Whether you call it domestic violence or intimate partner violence, the name implies that what goes on behind closed doors at home is a private matter.
But with proper training, experts say, supervisors, union representatives or co-workers can help a victim of domestic violence while meeting the employer's responsibility to maintain a safe worksite. In fact, "victim of domestic violence" has recently been added to New York state's human rights law, which protects employees from discrimination in hiring or employment practices.
At the Domestic Violence as a Workplace and Campus Issue workshop, Oct. 15, sponsored by the Office of Workforce Diversity and Inclusion, the Campus Life Labor Management Diversity Committee opened the program with a short skit depicting employees discussing the unusual behavior of a colleague they suspected was a victim of domestic violence. A discussion with information about resources followed.
"We are seeing an increase in employees looking for help in coping with the stresses associated with the current economic times," said Jim Morris, consultant from the Faculty and Staff Assistance Program (FSAP, formerly EAP), "but domestic violence issues are ongoing, in good times as well as bad. Most of the time, the subject of domestic violence thinks that no one else at work knows that something is up. But often there are subtle signs -- increased uneasiness as the workday draws to a close, unexpected absences, arriving late, appearing distracted -- as well as the more obvious ones such as harassing phone calls and bruises, and these do have an effect on the workplace."
He receives calls from victims as well as colleagues. "We offer one-on-one counseling with the person who has called about someone else. We try to determine how dangerous the situation is, and if we can speak to the victim, we then coach them on the resources available, such as community services or the police."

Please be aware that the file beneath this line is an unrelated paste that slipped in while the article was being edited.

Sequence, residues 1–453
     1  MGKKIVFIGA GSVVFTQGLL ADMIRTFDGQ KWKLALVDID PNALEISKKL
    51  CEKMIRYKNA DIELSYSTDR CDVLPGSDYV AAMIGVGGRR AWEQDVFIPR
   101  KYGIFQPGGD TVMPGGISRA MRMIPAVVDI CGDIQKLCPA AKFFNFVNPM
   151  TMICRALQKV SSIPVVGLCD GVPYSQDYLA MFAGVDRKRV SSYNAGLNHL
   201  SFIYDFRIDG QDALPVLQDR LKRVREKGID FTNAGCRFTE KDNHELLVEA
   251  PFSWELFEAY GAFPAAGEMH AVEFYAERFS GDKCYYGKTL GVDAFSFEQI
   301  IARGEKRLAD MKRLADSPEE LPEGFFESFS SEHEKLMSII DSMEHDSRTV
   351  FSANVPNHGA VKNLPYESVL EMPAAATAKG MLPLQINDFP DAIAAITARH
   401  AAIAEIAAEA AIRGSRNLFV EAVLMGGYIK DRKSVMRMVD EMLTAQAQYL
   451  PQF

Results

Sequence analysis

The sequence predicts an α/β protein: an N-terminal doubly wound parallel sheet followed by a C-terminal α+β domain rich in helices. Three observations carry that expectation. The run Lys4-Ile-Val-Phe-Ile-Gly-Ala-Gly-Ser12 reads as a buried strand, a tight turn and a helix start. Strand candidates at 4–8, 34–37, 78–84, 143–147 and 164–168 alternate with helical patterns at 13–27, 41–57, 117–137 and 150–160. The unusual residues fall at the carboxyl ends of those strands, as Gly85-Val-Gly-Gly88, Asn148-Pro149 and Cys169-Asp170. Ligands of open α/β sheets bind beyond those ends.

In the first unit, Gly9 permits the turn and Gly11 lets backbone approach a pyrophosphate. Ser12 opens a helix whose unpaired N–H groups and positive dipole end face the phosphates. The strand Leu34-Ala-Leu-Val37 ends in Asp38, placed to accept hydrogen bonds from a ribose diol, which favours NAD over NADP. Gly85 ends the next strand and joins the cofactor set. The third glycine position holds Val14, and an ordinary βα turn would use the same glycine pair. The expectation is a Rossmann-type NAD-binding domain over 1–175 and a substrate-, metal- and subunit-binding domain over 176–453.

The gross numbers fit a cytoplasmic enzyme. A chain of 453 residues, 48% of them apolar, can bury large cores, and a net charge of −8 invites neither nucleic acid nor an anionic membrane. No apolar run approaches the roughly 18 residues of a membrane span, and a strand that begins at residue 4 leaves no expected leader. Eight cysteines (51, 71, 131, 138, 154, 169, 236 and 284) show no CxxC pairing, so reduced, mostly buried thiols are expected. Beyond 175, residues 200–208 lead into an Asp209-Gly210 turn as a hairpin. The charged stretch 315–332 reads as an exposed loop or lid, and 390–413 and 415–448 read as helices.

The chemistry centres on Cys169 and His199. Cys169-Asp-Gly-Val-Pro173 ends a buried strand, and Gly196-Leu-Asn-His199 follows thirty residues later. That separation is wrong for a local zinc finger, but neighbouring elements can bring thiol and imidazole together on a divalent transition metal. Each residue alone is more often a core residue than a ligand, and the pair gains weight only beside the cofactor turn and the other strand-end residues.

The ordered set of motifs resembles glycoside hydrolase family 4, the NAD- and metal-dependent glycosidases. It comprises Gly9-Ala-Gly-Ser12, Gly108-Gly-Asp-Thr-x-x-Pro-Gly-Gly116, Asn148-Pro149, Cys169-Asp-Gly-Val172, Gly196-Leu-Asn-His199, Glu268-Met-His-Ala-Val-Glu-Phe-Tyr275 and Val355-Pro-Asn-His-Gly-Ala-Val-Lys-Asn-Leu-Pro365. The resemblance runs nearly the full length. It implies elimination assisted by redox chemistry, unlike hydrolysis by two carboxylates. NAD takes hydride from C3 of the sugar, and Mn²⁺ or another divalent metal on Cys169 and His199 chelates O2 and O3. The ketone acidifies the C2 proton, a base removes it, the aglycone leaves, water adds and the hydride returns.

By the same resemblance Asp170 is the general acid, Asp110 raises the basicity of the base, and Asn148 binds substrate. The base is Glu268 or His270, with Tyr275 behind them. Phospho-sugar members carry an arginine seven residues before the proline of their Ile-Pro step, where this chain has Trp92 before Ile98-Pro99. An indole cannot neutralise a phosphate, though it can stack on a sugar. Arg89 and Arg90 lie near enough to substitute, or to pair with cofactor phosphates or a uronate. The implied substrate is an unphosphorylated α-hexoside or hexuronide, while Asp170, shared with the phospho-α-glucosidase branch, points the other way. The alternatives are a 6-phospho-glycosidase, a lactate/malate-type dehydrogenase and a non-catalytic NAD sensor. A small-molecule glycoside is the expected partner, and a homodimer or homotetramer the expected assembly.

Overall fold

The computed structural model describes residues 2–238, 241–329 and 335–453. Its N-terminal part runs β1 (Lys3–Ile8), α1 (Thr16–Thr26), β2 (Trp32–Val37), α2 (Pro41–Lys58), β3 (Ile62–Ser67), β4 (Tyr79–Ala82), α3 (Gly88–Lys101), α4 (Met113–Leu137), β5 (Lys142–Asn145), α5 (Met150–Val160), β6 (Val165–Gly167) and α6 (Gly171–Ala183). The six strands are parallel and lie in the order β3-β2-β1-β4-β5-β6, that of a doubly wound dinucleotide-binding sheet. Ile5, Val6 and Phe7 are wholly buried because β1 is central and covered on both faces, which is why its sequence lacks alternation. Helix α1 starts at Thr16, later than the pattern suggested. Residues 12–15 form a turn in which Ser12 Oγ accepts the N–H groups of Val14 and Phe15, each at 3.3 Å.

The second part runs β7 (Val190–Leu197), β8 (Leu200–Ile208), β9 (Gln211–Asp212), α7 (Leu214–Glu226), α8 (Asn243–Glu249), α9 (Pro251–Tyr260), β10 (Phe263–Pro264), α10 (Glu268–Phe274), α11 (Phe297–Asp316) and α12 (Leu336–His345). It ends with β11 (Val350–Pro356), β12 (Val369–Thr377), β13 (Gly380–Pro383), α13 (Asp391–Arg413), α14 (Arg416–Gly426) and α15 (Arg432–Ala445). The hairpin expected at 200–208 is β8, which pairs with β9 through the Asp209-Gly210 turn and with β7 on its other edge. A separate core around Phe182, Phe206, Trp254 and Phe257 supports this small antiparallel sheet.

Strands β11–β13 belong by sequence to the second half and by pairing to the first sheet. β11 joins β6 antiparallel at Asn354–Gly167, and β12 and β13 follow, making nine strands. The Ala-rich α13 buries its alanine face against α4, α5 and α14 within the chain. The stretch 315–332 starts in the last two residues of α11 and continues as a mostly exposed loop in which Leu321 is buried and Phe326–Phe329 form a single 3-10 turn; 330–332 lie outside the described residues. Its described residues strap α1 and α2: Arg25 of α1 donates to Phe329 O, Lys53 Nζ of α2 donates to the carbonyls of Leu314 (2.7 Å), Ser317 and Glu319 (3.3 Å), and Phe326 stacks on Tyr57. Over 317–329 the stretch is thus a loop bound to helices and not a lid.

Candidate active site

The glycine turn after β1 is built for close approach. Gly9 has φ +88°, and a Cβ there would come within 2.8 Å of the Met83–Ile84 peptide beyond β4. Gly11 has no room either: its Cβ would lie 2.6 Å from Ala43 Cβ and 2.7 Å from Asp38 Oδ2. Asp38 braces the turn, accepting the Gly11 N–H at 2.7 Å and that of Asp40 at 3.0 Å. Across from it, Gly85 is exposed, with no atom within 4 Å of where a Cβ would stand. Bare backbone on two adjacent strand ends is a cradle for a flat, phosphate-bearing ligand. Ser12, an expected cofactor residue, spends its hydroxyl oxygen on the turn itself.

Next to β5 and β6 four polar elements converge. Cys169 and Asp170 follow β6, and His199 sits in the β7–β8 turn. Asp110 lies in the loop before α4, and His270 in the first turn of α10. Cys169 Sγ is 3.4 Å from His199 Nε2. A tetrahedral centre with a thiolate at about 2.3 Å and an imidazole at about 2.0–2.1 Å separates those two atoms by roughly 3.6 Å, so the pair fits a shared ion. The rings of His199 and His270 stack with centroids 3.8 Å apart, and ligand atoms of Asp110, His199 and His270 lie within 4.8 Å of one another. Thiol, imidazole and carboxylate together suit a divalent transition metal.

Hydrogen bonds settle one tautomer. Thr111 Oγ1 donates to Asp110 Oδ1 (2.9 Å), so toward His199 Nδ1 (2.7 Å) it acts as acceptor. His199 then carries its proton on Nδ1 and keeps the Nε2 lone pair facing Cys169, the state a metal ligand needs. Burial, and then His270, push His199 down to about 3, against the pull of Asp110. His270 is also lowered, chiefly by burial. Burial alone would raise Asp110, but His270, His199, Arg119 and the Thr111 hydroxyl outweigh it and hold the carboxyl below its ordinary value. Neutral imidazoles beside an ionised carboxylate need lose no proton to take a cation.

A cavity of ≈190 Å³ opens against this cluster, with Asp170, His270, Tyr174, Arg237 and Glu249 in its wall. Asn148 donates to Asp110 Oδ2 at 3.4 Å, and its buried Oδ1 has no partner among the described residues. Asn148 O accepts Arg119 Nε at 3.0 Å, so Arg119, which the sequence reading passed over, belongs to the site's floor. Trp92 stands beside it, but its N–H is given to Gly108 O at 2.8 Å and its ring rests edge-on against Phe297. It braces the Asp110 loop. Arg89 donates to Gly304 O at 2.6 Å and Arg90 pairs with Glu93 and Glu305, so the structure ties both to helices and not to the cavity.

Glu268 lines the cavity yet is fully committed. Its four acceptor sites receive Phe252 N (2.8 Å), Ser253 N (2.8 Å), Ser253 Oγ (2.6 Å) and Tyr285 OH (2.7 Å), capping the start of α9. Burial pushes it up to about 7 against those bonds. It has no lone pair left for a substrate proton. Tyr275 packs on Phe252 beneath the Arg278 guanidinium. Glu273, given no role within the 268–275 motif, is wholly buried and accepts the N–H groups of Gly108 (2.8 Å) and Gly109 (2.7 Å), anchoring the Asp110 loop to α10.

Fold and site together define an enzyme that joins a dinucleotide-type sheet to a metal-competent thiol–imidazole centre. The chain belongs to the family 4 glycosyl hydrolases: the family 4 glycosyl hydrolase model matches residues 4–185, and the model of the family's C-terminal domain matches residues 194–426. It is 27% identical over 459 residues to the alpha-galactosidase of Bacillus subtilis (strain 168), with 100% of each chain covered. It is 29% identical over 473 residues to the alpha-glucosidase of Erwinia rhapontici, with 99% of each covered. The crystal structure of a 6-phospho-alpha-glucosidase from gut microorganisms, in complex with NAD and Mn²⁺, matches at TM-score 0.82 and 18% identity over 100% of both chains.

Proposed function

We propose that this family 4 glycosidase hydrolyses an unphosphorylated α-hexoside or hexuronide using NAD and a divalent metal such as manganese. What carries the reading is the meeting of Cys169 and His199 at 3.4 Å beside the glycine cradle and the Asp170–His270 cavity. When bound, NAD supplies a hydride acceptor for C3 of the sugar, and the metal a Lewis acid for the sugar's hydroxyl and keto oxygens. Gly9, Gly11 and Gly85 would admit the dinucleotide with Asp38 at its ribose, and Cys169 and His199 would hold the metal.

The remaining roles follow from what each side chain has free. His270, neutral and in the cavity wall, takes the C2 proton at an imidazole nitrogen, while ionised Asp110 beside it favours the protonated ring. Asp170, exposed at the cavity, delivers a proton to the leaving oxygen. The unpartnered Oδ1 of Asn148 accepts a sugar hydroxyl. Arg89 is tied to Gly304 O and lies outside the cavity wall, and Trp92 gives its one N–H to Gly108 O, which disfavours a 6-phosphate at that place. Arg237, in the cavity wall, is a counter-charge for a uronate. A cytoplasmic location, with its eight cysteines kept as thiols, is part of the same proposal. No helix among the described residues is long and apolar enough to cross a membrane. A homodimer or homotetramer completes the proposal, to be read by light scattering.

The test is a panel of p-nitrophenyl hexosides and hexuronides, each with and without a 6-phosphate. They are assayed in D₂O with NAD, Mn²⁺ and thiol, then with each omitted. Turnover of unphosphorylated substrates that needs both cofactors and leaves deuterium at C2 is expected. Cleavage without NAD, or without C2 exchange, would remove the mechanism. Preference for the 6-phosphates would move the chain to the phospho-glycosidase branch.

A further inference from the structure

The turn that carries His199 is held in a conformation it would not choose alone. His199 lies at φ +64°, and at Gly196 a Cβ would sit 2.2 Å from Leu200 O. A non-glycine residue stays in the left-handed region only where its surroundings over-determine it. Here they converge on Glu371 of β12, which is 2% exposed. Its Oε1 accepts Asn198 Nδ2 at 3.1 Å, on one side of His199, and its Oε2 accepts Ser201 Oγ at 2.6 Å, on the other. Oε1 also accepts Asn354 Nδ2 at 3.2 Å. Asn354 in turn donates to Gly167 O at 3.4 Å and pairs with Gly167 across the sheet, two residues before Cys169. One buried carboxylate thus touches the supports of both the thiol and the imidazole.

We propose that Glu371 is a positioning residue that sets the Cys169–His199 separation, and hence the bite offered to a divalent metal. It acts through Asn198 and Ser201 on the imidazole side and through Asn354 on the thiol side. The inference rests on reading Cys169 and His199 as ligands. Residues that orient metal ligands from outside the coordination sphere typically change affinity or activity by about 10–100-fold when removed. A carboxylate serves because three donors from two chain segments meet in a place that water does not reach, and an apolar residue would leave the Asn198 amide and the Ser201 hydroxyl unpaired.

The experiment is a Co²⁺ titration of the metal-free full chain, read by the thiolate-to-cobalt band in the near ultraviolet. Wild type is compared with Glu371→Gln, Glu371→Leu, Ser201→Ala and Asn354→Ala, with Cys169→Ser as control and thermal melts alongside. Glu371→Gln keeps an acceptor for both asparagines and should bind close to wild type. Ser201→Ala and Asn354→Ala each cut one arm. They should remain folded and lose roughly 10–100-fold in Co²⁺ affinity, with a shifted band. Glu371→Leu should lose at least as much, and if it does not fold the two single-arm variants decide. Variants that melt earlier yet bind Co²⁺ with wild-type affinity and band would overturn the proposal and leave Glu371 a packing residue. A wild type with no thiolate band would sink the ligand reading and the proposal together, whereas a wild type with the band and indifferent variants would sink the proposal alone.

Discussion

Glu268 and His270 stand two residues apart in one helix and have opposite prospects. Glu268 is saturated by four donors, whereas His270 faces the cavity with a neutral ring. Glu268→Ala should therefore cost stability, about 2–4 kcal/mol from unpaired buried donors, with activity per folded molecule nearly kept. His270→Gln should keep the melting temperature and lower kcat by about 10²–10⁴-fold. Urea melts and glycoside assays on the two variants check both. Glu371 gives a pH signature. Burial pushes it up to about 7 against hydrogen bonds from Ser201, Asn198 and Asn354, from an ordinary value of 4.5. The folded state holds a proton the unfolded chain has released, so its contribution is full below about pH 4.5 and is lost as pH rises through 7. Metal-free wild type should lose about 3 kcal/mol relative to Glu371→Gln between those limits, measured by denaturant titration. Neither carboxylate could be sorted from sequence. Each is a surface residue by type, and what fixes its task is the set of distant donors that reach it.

Morris encourages victims to create a safety plan -- speed dial numbers for help on a cell phone, support networks, money on the side, clothes ready to go, for example -- so that he or she can get away from a dangerous situation.
Sgt. Philip Mospan of Cornell University Police said that FSAP often gets involved when employees are harassed by unannounced and unwelcome calls or visits at work; or e-mails, Facebook and text messages; or are bullied. However, if someone feels or is physically threatened, police get involved.
Terry Sharpe, president of the local UAW 2300, said she works with victims of domestic violence on work-related issuess and tries to ensure the safety of all. "Especially if the situation has started to affect work performance, I can talk with the individual and refer him or her to a peer counselor and other resources without those conversations being part of a disciplinary process," she said.
K.C. Wagner, director of workplace issues, Cornell-ILR Metro District Office in New York City, who facilitated the workshop, suggested these workplace strategies:
"You want to stay nonjudgmental and not provide yet another source of anxiety," Wagner said, "but, if there is a work-related consequence to a domestic violence situation, supervisors have a right to address the issue in the workplace. It's advisable to do so with the goal of working with university resources to have a discussion to help that employee stay productive and safe."
To schedule a workshop in your unit, contact Michelle L. Artibee at 255-3976, TTD: 255-7066. For more information on dealing with a possible domestic violence situation, contact FSAP at 255-2673 or the Cornell Police at 255-1111; UAW members can also contact Sharpe at 272-4108.